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City considers plans for constructing $5 million building

A rendering by Bockus Payne Architecture of what a proposed three-story building could look like at the southeast corner of Main and Gilbert Street if city officials believe the project is worth the cost of $5 million.

During the last regular Choctaw City Council meeting Bockus Payne architects were in attendance to present preliminary pricing and schematic information on a proposed downtown building plan.
The firm was contracted by the city, at a cost of up to $36,000, for consulting and design services on a proposed mixed-use building to be constructed on city owned land at the southeast corner of Main and Gilbert Street.
City officials were seeking a visual concept and pricing options for what they hope could be a turn of the century style structure to help inspire investment into the city’s downtown district.
Time was taken before the July 16 business agenda items so the firm could update City Council on the progress made with conceptual site plans.
Architect partner Jace Peddleford was in attendance to guide the city officials and public through the firm’s final proposals.
“Choctaw has a vision to create a historic downtown that will stretch along Main Street from NE 23rd up to 1st Street and from Choctaw Road over to Harper. This is to be the first of many new buildings to be built in the area,” said Peddleford.
“The appearance will be similar to other historic downtowns, like Guthrie. The construction will be one building, but it will appear as four different buildings from the outside with each having its own unique brick blend with color and cast stone detailing. That way each building looks like it was built at a different time with the economy of construction of building at once. If you go through any historic downtown. They look like different buildings attached, because they were built at different times. We’re going to do one building that has that same look.”
The mixed-use building would be built as either a two-story or three-story shell.
The outer shell, restrooms, lobby, common areas and elevator would all be built and finished out, while the lease individual space construction would be completed as tenants signed customized leases.
The first floor would be reserved for restaurant and retail businesses, the second floor would be office space and a third floor could be residential apartments.
“Right now we have about 9,800-square-feet on the first floor split into three spaces. But that could be split into as many as five lease spaces depending on what tenants move in and what their needs are. The second floor will be developed as office space, and is approximately 9,300-square-feet. It will have a central restroom on the floor so all lease spaces can utilize the one restroom instead of having to build out their own. It’s currently configured for three lease spaces, but could be broken into six or more. The third floor will be built as residential apartments, and would be another 9,300 usable square feet. It’s currently split into eight apartments – six of which are 1,000-square-feet, one being almost 1,500-square-feet and one being 1,600-square-feet,” said Peddleford. “As the project moves forward, and if the residential aspect is wanted in the development further plans will be required. Outfitting those apartments would be included in the price estimate.”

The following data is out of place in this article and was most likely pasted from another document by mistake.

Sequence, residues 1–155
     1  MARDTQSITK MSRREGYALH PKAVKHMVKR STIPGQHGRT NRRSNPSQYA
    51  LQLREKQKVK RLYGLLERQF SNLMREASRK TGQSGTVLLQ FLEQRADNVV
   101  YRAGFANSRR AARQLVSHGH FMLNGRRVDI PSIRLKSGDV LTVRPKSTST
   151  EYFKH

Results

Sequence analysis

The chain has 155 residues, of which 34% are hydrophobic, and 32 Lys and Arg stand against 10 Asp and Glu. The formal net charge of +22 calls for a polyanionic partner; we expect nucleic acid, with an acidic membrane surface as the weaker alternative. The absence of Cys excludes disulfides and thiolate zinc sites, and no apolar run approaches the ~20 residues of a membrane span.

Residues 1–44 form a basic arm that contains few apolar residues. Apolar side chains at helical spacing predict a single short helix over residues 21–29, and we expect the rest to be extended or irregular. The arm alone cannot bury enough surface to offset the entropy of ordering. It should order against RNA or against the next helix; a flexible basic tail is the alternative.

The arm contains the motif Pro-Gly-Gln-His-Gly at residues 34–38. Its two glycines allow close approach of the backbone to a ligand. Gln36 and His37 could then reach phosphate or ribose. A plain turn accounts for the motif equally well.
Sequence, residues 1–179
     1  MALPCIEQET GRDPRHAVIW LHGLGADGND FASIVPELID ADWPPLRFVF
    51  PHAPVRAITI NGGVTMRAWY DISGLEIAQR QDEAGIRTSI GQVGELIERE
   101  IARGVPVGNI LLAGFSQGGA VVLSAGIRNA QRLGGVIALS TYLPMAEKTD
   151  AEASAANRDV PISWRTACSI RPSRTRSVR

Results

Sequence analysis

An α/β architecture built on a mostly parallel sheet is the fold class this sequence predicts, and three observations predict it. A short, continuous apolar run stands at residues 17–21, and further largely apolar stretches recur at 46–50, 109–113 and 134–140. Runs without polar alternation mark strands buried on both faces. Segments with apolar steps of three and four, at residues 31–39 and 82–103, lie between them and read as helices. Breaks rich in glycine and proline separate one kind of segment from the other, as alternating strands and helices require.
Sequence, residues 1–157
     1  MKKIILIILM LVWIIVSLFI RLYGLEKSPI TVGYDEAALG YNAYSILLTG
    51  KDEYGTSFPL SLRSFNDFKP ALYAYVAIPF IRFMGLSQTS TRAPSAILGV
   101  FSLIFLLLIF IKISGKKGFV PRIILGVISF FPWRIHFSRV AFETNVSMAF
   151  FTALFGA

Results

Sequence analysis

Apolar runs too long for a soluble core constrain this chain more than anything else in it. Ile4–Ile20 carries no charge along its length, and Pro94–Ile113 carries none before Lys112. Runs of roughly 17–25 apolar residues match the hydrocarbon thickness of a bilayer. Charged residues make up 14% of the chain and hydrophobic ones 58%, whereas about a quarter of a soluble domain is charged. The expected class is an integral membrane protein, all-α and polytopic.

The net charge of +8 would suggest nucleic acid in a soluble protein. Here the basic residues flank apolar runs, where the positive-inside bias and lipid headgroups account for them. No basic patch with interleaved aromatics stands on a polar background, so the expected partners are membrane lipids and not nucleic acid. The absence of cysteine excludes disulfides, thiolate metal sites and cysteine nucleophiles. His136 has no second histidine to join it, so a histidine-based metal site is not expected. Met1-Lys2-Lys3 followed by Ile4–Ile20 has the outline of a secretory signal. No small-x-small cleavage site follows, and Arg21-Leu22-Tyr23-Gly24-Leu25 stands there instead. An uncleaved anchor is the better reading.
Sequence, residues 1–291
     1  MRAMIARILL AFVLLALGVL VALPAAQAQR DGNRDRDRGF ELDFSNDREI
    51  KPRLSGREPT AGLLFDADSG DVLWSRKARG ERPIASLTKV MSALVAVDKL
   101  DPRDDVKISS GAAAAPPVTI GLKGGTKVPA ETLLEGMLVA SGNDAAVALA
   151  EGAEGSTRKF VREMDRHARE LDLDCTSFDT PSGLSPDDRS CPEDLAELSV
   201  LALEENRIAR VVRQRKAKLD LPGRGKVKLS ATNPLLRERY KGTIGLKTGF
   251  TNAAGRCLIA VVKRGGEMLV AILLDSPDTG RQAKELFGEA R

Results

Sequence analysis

Preliminary designs call for a reconfiguration of the current Main Street parking and curb location to accommodate a traffic increase.
“The project would include modifying the existing curbs to allow for 24 car parking along Main Street. There would be access on the east side of the building allowing for deliveries, trash service and provide an additional eight parking spaces. The existing parking space along Gilbert would be reconfigured to allow for handicap parking,” said Peddleford.
“One of the problems everyone has with downtown areas is no one wants to give up space for large parking lots, and not many want to build parking garages. We would have to work with the city to think about additional parking north along Main Street, and the Chamber of Commerce has space that they may offer across the street for use by this building.”
The price estimate came in at $3.4 to $5 million.
The 46-foot-tall three-story option is an estimated construction cost of around $5 million, while the 32-foot-tall two-story option has an estimated construction cost of $3.4 million.

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